In 2013-2015 Recoil Performance Group will explore the scenographic potentials of stereographic projections. With access to spectral comb filters and glasses it will be possible to develop our existing minimalist scenery of dynamic trompe l'oeil projections with live manipulations of the perceived distance and scale of the stage space.

The initial research took place in Culture Yard Elsinore at the Click festival 2013. In JAnuary 2014 the project was developed further during a residency at 3LD Art and Technology Center in NYC.
In may 2014 the Click Festival hosted recoil performance group to create an installation based on the STEREO concept.

Video excerpts from STEREO (in 2D)

Stereo Residency with Recoil from Maria Paula Saba on Vimeo.

STEREO crew:

Johan Bichel Lindegaard (Software artist)
Ole Kristensen (software artist)
Bernado Schorr (software artist)
Maria Paula Saba (software artist)
Siri Wolthoorn (dancer)
Andrea Lund (dancer)
Tina Tarpgaard (Choreographer)

About Stereo

Stereography & spectral comb filtering.

To enact a depth that is not there each human eye needs to receive a separate visual signal. Normally this is achieved by the slight rotation in the geometries of objects as they appear  in front of our eyes, separated by a distance spanning the nose. If the geometry is projected and not physically present, some mechanism of sending a distinct projection to each eye is needed. The enacted object can then be depicted from two slightly different angles, each projection reaching one eye and not the other.
For stage use it is desirable to overlay projections of forms on physical forms. This means that the separation of two slightly different light projections must be intact when reflected by the physical form.The only appropriate technique that can achieve full color fidelity while retaining separation of left and right channel is known as spectral comb filtering. It works by separating the emitted light into two sets of tri-stimulant primaries, one inverse to the other. The red green and blue channels of one projector are filtered in half, one set of primaries for each eye. On stage the projections merge in a double image where the colours of one image appears to be warmer and the other colder. A set of glasses with the same spectral comb filters as the ones used in front of the projectors makes sure to seperate the reflected double image on stage into two seperate images, one for each eye.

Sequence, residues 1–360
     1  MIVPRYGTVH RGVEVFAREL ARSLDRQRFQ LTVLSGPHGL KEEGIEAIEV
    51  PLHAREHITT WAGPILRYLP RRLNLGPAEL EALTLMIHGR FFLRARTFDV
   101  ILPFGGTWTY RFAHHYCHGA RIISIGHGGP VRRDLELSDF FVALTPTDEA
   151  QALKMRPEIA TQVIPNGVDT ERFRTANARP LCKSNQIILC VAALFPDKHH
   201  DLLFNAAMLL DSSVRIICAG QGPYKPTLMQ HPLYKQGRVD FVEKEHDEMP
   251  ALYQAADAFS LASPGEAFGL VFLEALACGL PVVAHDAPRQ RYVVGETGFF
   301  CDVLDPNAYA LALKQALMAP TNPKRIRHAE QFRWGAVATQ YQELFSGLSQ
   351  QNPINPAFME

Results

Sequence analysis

Presence of the dancer.

Breaking down how stereography - and therby sterographic scenography - succeeds in creating the “make believe” of depth, reveals an intriguing sensory play with both perception and presence of space, performer and observer. Depending on how the interaction between dancer and video-scape are used, the relation between these two elements might question the inherited hierarchies of the performative space--from the secure dancing soloist being the absolute center focus around which the “world” revolves, to a shared space where all elements have a voice. Contemporary dance has dealt with this subjectivity of the performer for decades. The displaced, deformed or absent body is an applied aesthetics in works by choreographers going back to the 80’s. However, by pursuing the the intention of dissolving hierarchies we might find the dancer in new roles as she enters a dialog with the sterographic space. Specific core subjects in the stereoscopic environment is duality and illusion. Addressing these subjects through performative actions and structural rearrangements of the space, is our desired direction for applying a dancers presence into this space.